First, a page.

We extend a warm welcome to readers for this December installment of Present Magazine. As Present often attempts to do, we bridge the divide between the academic and the personal in this issue. We feature an important new research paper on an aspect of bhikkhuni history. And we offer two very personal narratives—one from a newly ordained bhikkhuni on her journey into monasticism and the other from a former nun of twenty-seven years on her experiences as a hospital chaplain. Finally, we include a review of a new book we believe the whole Fourfold Sangha will appreciate.Present magazine and its digital library are free offerings from the Alliance for Bhikkhunis. Know that your financial donations to AfB, as well as your volunteer efforts towards the magazine’s publication, are immensely appreciated. We especially want to thank volunteer designer Helen Geld for all her time spent making us look so good.We hope you enjoy reading our latest offerings!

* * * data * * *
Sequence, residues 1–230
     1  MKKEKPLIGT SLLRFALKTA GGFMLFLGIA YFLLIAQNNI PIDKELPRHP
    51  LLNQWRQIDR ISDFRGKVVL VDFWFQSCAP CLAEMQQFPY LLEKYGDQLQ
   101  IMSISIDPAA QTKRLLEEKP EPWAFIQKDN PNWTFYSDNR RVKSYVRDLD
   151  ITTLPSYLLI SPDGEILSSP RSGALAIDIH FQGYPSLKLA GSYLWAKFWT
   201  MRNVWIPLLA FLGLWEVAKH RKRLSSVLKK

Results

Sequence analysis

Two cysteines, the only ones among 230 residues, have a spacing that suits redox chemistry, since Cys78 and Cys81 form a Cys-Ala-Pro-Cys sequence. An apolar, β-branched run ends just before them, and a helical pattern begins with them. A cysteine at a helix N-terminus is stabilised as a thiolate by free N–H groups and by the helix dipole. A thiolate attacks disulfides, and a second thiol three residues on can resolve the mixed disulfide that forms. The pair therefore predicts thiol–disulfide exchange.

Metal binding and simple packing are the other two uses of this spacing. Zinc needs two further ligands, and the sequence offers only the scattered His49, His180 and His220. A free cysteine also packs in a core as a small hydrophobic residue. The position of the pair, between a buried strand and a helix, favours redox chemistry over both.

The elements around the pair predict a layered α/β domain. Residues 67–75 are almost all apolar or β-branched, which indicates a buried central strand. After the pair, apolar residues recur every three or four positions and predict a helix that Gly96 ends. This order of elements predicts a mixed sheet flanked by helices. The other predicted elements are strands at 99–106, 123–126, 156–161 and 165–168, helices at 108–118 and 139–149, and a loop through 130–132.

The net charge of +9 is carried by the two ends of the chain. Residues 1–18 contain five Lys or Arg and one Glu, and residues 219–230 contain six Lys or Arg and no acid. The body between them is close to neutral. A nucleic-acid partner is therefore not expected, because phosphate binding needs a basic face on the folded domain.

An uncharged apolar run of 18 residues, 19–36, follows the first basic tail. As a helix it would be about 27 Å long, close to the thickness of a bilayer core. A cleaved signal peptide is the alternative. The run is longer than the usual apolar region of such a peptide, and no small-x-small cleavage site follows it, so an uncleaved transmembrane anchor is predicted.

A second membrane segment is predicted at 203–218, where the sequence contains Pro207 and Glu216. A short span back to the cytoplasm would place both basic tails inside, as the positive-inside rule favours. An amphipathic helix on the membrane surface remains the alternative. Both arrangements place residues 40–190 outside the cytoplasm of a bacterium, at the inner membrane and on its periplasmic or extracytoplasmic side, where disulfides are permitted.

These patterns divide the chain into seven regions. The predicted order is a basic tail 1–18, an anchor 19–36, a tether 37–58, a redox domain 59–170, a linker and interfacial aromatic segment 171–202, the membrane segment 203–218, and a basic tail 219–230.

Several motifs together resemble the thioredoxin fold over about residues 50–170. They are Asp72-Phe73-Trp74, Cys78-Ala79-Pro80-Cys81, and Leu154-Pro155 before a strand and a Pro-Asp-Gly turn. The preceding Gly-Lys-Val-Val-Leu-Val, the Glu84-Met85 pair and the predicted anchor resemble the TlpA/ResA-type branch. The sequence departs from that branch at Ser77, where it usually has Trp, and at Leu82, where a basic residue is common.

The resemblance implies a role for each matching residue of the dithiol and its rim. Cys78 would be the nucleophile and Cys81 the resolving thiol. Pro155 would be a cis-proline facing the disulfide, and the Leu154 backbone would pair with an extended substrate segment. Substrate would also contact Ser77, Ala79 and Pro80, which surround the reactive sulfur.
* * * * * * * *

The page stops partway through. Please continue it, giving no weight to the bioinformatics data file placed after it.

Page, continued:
1…Listening at the End of Life: An Interview with Tenzin Kiyosaki
A Tibetan Buddhist nun for twenty-seven years, Tenzin Kiyosaki (formerly Venerable Tenzin Kacho) brings her practice to the bedside working as a chaplain to those facing death.
by Sarah Conover
This substantive scriptural study looks into the guiding and determining mental and emotional states of liberated arahant women as expressed in the sacred biographies of the Therī Apadāna.
by Ayya Tathaaloka Bhikkhuni
25…What Buddhism Gave Me
A new bhikkhuni recounts her annual childhood visits to the Buddhist temple with her Thai mother and the depression of her young adulthood that drew her back to the Dhamma, and eventually to ordination.
by Munissara Bhikkhuni
To deepen Present’s niche, bringing you “the voices and activities of Theravada Buddhist women,” we need your help as scouts around the world. We warmly welcome your ideas, suggestions, feedback, and articles—features and reviews, academic and otherwise. Please drop us a line at email@example.com.
The Art of Disappearing: The Buddha’s Path to Lasting Joy
An inspiring guidebook on how to disengage from the ego and become a nobody.
By Ajahn Brahm
Reviewed by Caroline Starkey